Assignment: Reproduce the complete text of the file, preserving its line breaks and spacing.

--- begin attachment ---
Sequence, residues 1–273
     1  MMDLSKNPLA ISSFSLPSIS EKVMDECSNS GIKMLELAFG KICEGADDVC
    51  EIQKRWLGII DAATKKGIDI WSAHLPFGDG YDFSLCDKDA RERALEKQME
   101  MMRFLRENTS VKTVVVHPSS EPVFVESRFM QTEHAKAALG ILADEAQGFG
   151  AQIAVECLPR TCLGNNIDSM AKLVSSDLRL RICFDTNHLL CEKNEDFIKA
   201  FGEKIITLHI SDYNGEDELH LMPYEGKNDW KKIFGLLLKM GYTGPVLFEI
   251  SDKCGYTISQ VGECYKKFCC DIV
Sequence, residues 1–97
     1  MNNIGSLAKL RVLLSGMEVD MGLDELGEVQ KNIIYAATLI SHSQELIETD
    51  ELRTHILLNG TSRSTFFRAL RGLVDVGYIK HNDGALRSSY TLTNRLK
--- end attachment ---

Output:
Sequence, residues 1–273
     1  MMDLSKNPLA ISSFSLPSIS EKVMDECSNS GIKMLELAFG KICEGADDVC
    51  EIQKRWLGII DAATKKGIDI WSAHLPFGDG YDFSLCDKDA RERALEKQME
   101  MMRFLRENTS VKTVVVHPSS EPVFVESRFM QTEHAKAALG ILADEAQGFG
   151  AQIAVECLPR TCLGNNIDSM AKLVSSDLRL RICFDTNHLL CEKNEDFIKA
   201  FGEKIITLHI SDYNGEDELH LMPYEGKNDW KKIFGLLLKM GYTGPVLFEI
   251  SDKCGYTISQ VGECYKKFCC DIV
Sequence, residues 1–97
     1  MNNIGSLAKL RVLLSGMEVD MGLDELGEVQ KNIIYAATLI SHSQELIETD
    51  ELRTHILLNG TSRSTFFRAL RGLVDVGYIK HNDGALRSSY TLTNRLK